Indiana Nash, Contributing Writer
Though many of us are just transitioning into our fall and winter clothing, the fashion industry is, as always, pushing us ahead of the curve. New York Fashion Week is an incredible event, featuring over 100 fashion shows, “Fashion’s Night Out,” celebrity appearances, and recognition to the designers who create and inspire our clothing. This year it began on the sixth of September and ran until the thirteenth. Within the week, many new styles were showcased by designers, while several older looks were revamped to create a fresher look for Spring.
Perhaps the most obvious trend to expect for the upcoming spring of 2013 would be floral motif. As predictable as that sounds, this season it’s being paired with very structured garments. Phillip Lim showed button down floral vests and floral dresses with leather stripes. This falls into the ideal of “tough femininity” that is so often seen in American culture today. Lim also developed this theme through dresses made of floral, lace and leather. They gave off a dark vibe but were also light enough to be called spring wear.
Following this floral motif there’s color blocking, most famously seen in Diane Von Furstenberg’s collection. Furstenberg featured peachy oranges, light blues and yellows. These were normally paired with metallic wedges and large bags. This all seemed very conventional, except for the innovative eyewear Furstenberg decided to place on the models. Picture a sleek headpiece from a movie like “The Matrix” and you have Furstenberg’s vision. Color blocking was also seen in Carolina Herrera’s collection. She featured very sheer colors and materials contrasted with darker accent edging. The pieces were also belted with an Asian inspired motif. In turn, these belts also gave the models a more classic hourglass shape.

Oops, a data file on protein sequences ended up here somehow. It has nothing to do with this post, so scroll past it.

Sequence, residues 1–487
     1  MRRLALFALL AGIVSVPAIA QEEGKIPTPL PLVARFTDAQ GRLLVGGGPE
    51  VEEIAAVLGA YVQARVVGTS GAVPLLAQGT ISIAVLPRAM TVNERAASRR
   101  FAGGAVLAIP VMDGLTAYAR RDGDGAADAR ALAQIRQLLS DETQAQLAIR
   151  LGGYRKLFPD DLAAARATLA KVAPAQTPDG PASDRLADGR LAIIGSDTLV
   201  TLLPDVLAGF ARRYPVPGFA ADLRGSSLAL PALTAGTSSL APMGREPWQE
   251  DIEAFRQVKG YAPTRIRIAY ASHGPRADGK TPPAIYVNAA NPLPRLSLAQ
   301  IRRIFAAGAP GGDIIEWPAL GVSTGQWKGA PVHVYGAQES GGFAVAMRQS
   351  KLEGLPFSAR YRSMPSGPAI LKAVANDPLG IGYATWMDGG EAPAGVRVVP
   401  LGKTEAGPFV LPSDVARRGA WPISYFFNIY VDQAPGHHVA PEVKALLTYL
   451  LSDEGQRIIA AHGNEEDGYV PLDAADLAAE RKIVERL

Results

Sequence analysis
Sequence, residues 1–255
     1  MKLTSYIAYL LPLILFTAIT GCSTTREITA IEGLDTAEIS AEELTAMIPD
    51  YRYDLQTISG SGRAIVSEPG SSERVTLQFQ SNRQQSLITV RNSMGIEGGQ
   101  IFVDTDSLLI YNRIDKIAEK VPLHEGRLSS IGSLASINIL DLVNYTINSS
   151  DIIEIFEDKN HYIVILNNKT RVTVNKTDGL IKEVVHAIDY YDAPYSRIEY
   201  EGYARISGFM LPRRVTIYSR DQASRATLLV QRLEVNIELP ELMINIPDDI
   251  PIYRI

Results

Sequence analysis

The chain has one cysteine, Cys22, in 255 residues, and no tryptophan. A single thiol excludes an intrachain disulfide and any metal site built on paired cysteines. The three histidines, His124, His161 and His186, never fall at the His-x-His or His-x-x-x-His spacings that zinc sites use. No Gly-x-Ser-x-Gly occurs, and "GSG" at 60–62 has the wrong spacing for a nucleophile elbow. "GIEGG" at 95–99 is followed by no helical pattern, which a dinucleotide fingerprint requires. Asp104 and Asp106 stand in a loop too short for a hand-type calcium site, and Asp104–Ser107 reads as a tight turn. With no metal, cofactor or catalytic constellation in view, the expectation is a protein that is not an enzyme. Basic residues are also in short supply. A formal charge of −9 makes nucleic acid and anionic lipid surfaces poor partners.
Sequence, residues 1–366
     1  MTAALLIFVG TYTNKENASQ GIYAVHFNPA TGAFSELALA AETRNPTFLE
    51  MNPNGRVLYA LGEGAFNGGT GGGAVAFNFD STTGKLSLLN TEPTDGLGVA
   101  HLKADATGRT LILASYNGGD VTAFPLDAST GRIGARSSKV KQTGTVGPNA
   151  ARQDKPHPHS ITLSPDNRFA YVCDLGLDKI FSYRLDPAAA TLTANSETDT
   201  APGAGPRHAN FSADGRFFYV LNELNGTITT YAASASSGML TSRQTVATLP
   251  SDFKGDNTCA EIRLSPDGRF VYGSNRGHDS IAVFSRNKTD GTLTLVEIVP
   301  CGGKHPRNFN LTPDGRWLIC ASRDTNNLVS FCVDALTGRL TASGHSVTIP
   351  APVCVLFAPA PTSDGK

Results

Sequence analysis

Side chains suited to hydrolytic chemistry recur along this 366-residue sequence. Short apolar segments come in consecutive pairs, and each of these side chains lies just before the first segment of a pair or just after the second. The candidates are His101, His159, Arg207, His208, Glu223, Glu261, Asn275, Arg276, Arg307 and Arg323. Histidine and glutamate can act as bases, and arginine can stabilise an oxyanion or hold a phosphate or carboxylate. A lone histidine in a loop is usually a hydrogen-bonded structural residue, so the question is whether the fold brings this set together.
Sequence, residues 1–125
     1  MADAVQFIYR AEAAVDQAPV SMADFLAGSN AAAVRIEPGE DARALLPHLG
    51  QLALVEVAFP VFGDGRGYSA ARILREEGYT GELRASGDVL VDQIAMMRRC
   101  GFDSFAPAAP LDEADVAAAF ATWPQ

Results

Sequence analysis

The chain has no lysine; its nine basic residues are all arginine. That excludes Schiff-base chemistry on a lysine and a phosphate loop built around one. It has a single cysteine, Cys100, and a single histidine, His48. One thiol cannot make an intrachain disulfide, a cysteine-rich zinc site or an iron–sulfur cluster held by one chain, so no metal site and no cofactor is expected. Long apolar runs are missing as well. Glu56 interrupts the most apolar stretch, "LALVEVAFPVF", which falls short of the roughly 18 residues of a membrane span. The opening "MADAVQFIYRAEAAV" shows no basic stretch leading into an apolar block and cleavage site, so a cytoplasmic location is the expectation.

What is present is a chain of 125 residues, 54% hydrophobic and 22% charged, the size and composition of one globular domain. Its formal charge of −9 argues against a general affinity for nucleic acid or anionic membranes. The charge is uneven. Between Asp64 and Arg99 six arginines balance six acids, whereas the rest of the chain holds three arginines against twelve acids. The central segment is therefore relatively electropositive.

Another trend coming down the runway was stripes. Marc Jacobs did his collection almost exclusively based around them. Tory Burch’s collection was splattered with them and Michael Kors placed them on most of his pieces. These are classic motifs in the fashion industry, however, this season they’re being styled with bold prints and solid colors. Jacobs placed his stripes with gingham and checkered prints along with tweed fabrics. Kors’ collection is on the more conventional side, placing stripes with solid colored blazers and shorts. Burch’s pieces featured an assortment of both ideas, with sky blue stripes and fun lemon yellow jackets.
One of the other noticeable features of the shows this past week has been the use of shiny and sheer fabrics. They give off an extravagant essence, while maintaining a causal look that echoes the 90s. This was seen in Carolina Herrera’s show, as well as Reed Krakoff’s. While Herrera used the fabric for versatile looking dresses, Krakoff used the fabric in his entire collection. He used the sheer fabric for shorts with a more solid looking fabric underneath, pairing these with blazers made of bright silk.
The spring season is sometimes viewed as a challenge for the fashion industry. For one thing, when it comes time to purchase new spring pieces, most of us are just getting out of the small debt that is usually incurred from the holidays. On the designing side, many of the classic spring trends or ideas that the consumer feels most comfortable buying are a challenge to recreate and reinvent to entice the average consumer. However, New York Fashion Week definitely helps to shed a positive light on what can be considered a tougher fashion season. It gives the consumers an exciting look ahead so that when the time comes for them to actually buy their spring wardrobes they are al- ready excited about certain styles. New York Fashion Week also gives designers, buyers, marketers, etc. new inspirations and recognition for their work. Which fashion trends will you adopt this spring?